A computer network can be “monitored” in many ways. You can measure the traffic and get an idea or can have a look at a log file (of a Firewall) for instance. But nothing can give you a clear idea about a network as good as by using a network traffic monitor that “simulates” your network graphically.
But the more complex the network the more complex the output will be. Still, it is pretty handy in many situations. In that sense, EtherApe is a simple yet an extremely powerful network traffic monitor that has the ability to display your current network activities (IP addresses, inbound/outbound traffic etc) graphically.
Whether you have a single PC connected to Internet or a router based small home network, by based on the IP addresses on the network it can create a colorful graphical representation of your network easily (a colored “link” and a “dot” is assigned to each “node” in your network). It updates the details by using both live and history of the network traffic.
For instance, as you can see with the above picture, 192.168.1.1 is my Router’s IP address (local IP actually) and “gayan-PC-LL700ED.local” is my computer. And the other IPs are then web sites opened in my web browser. And each line represents my PC and the communication between that opened web site.
Let’s say that I went to CNN home page, then as soon as I’m entering the CNN, EtherApe creates a list of new IPs and will start to link to them from my IP address (192.168.1.1 and “gayan-PC-LL700..” in this case). The more thorough my connectivity with the site the more bigger each “link/line” will look (as shown below).
As you can see, when entering CNN, EtherApe actually showed my that a whole list of other web sites (outside of CNN of course) were also automatically connected (pinned) by my web browser (such as Facebook, Twitter etc) because they’re usually in CNN website’s sidebar.
Some main features …
*. Extremely simple and easy to use interface.
*. Supports IPv4 & IPv6 (and TCP).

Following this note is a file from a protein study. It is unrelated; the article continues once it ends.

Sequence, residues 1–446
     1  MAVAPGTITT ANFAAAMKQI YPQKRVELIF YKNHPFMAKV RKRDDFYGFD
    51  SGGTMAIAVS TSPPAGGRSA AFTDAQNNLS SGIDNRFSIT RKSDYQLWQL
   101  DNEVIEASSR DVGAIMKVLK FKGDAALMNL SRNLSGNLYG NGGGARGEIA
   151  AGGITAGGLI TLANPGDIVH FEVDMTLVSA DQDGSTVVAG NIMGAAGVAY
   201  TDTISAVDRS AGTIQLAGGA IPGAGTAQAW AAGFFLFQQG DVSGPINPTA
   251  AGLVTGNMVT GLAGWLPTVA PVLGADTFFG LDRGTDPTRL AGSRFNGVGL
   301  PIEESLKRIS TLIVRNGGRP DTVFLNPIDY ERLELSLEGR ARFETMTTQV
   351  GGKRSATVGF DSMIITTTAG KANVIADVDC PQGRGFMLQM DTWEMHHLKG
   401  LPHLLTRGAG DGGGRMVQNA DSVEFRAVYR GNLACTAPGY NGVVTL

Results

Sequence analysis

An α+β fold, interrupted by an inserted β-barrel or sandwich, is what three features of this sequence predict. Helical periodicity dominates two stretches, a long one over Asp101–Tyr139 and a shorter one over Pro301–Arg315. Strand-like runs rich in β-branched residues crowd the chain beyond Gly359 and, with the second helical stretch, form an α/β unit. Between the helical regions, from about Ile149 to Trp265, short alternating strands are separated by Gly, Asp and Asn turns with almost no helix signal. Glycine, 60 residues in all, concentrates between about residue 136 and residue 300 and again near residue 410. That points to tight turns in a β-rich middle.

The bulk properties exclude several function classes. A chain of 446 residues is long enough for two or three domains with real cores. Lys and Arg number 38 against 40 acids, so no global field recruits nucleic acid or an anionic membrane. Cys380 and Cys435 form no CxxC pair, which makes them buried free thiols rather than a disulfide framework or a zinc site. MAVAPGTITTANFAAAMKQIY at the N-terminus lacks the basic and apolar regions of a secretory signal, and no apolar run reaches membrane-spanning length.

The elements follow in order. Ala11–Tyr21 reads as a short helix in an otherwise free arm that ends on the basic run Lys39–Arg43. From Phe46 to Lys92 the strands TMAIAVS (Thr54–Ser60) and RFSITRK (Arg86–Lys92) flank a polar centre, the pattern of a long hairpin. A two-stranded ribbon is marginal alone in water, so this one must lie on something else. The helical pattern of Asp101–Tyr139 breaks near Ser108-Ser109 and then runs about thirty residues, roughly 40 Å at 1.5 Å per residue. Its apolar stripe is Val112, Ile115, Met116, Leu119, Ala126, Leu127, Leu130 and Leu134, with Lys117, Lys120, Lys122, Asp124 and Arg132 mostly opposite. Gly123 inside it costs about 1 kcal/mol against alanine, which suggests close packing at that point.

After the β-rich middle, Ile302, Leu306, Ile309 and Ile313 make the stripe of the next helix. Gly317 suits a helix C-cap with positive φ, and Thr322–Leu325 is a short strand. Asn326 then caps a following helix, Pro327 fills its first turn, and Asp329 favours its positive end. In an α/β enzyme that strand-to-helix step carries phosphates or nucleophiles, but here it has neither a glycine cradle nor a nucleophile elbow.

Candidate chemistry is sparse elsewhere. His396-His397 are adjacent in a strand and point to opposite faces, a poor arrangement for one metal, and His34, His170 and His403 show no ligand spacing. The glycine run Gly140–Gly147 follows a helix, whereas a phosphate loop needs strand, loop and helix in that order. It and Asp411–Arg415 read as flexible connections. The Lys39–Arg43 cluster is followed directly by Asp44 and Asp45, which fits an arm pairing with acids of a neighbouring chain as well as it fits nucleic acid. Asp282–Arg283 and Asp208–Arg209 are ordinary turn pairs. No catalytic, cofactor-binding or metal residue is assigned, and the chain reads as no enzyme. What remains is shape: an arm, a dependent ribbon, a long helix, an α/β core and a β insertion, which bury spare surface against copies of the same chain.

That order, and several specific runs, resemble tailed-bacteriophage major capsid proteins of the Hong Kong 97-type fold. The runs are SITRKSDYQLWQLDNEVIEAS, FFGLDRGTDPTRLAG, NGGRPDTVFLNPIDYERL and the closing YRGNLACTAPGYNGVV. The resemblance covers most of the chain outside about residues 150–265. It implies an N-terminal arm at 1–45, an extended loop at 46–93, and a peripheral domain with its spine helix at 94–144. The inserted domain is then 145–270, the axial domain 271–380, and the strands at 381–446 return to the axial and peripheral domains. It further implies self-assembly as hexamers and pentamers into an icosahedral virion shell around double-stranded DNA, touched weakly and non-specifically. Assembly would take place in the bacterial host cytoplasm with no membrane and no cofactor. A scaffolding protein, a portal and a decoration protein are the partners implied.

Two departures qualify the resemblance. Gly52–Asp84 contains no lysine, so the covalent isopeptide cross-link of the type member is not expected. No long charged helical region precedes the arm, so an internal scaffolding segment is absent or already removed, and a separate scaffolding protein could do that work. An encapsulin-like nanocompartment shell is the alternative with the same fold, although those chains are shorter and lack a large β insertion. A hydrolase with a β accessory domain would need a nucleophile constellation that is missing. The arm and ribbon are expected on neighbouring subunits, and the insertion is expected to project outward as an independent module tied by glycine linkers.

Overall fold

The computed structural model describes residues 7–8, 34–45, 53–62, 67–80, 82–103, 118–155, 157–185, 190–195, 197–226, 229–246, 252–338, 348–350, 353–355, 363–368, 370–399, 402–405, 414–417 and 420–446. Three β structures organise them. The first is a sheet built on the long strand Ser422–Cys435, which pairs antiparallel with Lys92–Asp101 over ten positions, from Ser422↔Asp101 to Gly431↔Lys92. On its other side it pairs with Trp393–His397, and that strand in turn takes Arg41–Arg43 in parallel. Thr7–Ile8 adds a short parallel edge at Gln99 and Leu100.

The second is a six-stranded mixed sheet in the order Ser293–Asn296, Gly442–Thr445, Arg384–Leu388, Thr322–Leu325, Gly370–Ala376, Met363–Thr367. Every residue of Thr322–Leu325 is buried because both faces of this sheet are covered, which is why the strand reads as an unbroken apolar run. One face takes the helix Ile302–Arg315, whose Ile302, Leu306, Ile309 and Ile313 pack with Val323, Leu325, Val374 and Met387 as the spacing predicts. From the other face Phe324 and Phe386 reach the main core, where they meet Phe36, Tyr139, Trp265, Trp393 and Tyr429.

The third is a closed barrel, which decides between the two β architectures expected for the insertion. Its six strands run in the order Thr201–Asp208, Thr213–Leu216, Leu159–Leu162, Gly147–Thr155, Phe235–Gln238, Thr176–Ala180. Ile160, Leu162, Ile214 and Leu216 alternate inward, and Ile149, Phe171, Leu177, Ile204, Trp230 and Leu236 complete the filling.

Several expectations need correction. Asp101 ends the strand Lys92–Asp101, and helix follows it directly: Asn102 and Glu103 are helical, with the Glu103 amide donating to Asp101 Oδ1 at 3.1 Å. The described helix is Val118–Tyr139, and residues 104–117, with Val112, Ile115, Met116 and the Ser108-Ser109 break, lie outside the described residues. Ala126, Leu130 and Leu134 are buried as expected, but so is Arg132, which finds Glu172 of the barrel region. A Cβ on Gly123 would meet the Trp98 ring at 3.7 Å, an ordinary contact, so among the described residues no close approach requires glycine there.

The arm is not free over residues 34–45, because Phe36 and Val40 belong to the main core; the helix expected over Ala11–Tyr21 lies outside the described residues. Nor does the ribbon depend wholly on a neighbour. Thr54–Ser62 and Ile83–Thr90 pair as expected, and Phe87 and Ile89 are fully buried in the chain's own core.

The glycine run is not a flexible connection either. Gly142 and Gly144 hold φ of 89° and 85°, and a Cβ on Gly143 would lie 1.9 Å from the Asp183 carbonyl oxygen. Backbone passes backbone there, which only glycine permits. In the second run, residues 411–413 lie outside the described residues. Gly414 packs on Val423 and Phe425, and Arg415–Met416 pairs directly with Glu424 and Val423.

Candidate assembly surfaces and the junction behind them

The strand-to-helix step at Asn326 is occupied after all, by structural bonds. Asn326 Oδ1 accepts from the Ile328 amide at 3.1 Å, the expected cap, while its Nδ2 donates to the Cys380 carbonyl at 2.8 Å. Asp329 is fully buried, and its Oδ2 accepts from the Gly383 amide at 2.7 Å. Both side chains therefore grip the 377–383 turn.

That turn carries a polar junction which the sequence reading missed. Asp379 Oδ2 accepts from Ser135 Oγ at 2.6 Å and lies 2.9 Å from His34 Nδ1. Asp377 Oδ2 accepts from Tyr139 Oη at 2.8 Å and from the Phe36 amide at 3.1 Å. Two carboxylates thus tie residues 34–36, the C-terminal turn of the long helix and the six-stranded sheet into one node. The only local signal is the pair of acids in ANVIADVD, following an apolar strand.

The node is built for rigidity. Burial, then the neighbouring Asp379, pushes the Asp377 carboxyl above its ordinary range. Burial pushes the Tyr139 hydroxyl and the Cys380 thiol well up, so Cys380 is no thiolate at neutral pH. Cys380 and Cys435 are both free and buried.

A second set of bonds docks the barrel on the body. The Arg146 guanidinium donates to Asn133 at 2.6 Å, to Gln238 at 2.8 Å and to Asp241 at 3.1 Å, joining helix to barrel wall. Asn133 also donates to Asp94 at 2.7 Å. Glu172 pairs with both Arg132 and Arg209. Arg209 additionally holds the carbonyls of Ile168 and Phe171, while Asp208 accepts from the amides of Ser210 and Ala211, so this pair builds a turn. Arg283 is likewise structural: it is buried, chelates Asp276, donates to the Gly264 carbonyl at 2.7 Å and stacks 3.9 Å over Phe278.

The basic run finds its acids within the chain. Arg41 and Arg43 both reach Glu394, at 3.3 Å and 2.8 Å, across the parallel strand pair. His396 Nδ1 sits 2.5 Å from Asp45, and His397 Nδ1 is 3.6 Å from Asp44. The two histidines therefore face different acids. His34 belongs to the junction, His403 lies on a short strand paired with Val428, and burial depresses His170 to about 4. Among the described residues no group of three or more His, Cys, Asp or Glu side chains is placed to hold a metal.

*. Uses different colors to represent different type of network protocols & layers.
*. Change the colors and line width and radius values for representing they activities.
*. Pause or Stop the monitoring process manually (it does take some CPU power while running).
*. View Nodes (IP addresses of your incoming/outgoing traffic) and Protocol in a new window which shows you advanced information such as network bandwidth usage, instant traffic details, total packet (sent/received) etc.
*. You can also double click on any “node” or a colored “link” in the graphical window and it opens up a new window that shows advanced details for that individual “node” or the “link”.
*. Change a whole lot of other settings such as: Diagram refresh/update period, timeout settings for nodes/link/protocols etc using the Preference window.
*. Hide node names (which should remove the IP addresses and web server names) to clean up the diagram section a bit ;-).
*. Switch between “live” or “history” based diagram creations.
*. Change network interface: WLAN, Ethernet etc.
You can install EtherApe in Ubuntu 12.04 Precise Pangolin, 11.10 Oneiric Ocelot, 11.04 Natty Narwhal, 10.10 and 10.04 by typing the below command in your Terminal window.
sudo apt-get install etherape
For other distributions or to get more information, please visit this EtherApe home page.
It basically has two modes. A user mode (which gives slightly less info) and a administrator (root) mode which should give you access to all the network related information.
That’s all I have to say about that ;-). Good luck.